City seeks balance with security plan
Published 7:01 pm Friday, March 7, 2014
Troy Mayor Jason Reeves is often asked if being a mayor is what he thought it would be.
He compares it to parenthood, the first time you lay eyes on your child.
“It’s one of those things that nobody can explain to you,” he said. “One thing I didn’t realize was the responsibility of citizens and employees. It’s not a burden, but it’s a responsibility that weighs very heavily on me.
“I’m going to do everything I need to do to make sure everybody is okay.”
Part of that responsibility is safety. Reeves said it was part of his core values. He has worked on improving safety at city hall and throughout the city facilities since taking office. But, he does not want safety to come at the cost of accessibility.
“I think we’ve struck a good balance,” Reeves said of the latest wave of safety upgrades. “We feel like we’ve taken appropriate measures. But, it’s something we’re going to constantly review.”
Those who visit City Hall for anything other than paying a utility bill or renewing a business license will have to sign in at the front desk and state their business.
In most cases, the person you are there to see will meet you in the lobby and escort you to the appropriate room.
Employees now wear badges, which they scan and use to unlock doors throughout the building. Reeves said the badges have a second benefit. “You know exactly who you’re talking to.”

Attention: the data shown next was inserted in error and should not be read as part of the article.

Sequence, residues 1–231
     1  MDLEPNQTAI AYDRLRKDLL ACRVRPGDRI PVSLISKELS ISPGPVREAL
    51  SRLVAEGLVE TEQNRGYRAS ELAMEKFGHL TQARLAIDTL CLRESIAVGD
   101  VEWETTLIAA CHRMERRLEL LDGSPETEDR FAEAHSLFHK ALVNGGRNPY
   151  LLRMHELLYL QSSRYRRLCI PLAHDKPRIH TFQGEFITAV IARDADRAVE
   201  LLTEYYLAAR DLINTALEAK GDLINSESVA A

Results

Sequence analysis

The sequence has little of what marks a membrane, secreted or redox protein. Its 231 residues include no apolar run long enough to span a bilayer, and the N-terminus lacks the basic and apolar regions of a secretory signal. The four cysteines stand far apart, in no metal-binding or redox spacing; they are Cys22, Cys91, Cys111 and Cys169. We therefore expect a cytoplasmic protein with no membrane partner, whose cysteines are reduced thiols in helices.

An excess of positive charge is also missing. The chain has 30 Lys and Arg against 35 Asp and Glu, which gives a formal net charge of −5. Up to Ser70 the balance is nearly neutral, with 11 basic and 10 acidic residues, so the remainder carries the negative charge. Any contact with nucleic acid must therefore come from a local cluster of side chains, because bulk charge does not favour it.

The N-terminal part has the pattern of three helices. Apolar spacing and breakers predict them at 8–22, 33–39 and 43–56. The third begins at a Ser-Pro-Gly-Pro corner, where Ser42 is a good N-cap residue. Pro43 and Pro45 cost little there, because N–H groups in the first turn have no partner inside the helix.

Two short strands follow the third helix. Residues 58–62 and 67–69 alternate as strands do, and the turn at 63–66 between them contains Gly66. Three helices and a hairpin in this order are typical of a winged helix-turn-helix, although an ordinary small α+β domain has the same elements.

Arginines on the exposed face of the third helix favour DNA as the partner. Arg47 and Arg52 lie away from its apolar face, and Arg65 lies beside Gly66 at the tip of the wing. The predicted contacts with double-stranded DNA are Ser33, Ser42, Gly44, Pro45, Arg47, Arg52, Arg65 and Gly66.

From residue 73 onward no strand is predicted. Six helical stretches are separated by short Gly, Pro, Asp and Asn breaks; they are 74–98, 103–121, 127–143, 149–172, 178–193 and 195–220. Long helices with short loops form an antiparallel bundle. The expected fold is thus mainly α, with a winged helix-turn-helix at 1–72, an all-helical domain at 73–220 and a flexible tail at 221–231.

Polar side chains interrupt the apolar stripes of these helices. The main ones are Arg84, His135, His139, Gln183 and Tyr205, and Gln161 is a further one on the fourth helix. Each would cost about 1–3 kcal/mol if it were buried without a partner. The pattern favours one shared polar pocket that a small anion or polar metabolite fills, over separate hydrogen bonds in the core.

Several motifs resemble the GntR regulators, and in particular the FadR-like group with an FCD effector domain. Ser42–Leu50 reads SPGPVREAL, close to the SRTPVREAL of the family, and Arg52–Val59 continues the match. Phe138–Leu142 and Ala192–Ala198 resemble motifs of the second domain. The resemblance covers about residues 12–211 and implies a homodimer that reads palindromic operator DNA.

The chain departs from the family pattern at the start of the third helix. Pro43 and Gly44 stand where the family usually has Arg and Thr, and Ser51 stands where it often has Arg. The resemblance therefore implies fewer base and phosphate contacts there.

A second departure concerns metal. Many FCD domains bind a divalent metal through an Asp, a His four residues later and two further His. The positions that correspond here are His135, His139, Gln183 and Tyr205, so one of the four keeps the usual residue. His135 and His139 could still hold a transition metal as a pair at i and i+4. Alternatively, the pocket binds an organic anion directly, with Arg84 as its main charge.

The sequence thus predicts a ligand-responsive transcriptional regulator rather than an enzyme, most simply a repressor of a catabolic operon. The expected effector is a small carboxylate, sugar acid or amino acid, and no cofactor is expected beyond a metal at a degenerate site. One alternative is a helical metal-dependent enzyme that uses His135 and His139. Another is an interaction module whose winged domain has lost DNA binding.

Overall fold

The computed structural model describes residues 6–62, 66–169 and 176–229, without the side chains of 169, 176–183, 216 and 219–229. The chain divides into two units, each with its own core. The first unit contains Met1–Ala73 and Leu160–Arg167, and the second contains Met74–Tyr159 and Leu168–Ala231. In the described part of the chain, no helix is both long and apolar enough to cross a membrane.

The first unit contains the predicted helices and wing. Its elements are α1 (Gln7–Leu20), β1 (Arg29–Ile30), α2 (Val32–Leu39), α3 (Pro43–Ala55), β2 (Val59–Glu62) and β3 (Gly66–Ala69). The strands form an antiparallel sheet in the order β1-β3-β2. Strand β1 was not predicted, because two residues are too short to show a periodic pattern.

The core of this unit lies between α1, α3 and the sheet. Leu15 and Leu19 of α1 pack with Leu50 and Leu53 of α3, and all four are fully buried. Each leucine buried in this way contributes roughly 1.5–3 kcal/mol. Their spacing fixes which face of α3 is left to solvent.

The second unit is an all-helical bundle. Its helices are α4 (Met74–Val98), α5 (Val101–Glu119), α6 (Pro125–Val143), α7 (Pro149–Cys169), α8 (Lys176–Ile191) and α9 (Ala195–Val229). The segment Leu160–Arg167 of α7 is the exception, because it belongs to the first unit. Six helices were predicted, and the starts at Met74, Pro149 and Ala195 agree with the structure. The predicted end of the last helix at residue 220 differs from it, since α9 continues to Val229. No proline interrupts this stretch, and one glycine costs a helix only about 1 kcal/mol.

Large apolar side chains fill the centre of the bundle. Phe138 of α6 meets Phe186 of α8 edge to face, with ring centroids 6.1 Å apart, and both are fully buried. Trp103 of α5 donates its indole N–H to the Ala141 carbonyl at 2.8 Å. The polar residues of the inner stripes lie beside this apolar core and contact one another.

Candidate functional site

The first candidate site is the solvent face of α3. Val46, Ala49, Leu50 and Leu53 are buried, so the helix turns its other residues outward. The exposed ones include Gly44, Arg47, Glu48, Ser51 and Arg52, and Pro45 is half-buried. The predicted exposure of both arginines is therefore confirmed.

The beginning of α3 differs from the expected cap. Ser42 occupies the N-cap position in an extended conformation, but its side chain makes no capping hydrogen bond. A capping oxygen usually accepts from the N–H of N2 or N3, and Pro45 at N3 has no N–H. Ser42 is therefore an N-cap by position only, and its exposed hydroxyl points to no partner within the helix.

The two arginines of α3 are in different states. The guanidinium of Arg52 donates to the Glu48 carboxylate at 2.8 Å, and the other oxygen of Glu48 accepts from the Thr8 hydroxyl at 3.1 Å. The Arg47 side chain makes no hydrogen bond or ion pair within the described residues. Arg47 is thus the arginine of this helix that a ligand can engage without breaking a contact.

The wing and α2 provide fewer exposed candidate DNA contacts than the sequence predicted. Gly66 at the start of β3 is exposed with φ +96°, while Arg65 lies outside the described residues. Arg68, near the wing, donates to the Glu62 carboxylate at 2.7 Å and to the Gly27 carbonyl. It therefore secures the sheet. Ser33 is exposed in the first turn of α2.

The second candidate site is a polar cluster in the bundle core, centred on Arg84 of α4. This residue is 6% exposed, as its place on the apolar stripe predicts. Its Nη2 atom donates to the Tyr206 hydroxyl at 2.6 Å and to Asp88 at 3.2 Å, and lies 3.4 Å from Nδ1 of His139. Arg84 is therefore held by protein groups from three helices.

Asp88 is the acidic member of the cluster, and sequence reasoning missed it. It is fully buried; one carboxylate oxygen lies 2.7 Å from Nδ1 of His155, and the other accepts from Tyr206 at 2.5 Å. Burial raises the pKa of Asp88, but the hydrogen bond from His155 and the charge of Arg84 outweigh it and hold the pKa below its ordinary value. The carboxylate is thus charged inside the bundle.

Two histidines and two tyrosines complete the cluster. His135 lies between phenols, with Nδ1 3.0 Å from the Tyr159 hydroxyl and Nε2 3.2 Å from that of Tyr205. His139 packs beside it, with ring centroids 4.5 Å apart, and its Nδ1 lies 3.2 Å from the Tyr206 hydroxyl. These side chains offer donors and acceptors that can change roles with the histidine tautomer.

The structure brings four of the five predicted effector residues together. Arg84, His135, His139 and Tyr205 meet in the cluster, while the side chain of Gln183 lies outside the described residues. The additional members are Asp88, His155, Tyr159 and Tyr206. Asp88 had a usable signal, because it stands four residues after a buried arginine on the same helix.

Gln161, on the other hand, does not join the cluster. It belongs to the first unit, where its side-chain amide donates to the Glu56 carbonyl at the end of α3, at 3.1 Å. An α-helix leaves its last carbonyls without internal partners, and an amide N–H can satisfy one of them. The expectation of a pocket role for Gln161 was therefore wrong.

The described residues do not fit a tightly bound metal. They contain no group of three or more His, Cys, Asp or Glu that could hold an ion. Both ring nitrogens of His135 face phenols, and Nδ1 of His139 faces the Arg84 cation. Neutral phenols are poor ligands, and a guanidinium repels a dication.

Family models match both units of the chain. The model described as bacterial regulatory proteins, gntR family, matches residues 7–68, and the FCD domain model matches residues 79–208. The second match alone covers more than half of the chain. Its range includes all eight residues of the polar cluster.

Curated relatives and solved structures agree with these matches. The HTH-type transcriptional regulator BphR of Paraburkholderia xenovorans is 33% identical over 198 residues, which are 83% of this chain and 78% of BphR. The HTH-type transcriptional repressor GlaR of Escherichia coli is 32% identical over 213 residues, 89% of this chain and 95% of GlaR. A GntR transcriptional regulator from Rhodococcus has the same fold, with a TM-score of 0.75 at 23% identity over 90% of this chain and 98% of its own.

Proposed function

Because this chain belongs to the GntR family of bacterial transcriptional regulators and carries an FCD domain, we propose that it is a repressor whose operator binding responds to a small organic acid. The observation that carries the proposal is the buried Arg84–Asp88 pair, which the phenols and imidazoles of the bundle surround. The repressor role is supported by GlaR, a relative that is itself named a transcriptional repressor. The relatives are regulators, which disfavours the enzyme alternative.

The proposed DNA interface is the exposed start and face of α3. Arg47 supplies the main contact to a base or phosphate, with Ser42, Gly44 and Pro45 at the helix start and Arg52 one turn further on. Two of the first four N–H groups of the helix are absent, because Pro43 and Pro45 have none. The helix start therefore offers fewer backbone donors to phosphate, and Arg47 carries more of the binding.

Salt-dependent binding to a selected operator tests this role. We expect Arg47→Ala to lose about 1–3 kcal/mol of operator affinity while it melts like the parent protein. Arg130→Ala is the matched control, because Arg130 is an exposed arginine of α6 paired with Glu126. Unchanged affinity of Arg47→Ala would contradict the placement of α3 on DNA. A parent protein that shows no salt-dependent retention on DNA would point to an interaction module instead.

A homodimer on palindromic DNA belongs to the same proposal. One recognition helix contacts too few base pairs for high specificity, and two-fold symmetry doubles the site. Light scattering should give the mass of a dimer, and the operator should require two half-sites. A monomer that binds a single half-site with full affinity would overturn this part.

Reeves said the public areas of the building are still public. The council chambers and the lobby are just as open as they have always been.
“We have some controlled access points, but we don’t think it’s going to affect anybody in a negative way.”
In some ways, the building is more accessible. Reeves shuffled a few offices around, his included. The Mayor’s Suite and the human resources office are now downstairs.
To continue that open, accessible goal, Reeves has started spending Wednesdays, from 9 a.m. to noon, working in the council chambers. He said these “public sector meetings” are a time where anyone can stop by for a visit and have a chat with him.
“We work for the public and the public are our customers. But, we need to balance that and make sure that the people are safe,” he said.
Funding for the security upgrades were already in the budget. They came from the capital improvement funds of each department.
“We’ve budgeted money for security and we’re going to continue to do that and we’re going to work within our budget to make sure we have a customer-friendly city.”
The Troy Police Department’s security has also been upgraded. Reeves said people would see a difference in the level of security of each city building.
“Once we get where we want to be, I hope to have a small budget every year to maintain what we have,” he said. “We hope to become safer and more customer-friendly every day. That’s what I strive to do every day.”
Reeves hopes none of the security upgrades are necessary.
“I hope that 20 years from now, people will say I wasted time and money on safety,” he said. “Because that’ll mean no one ever got hurt.”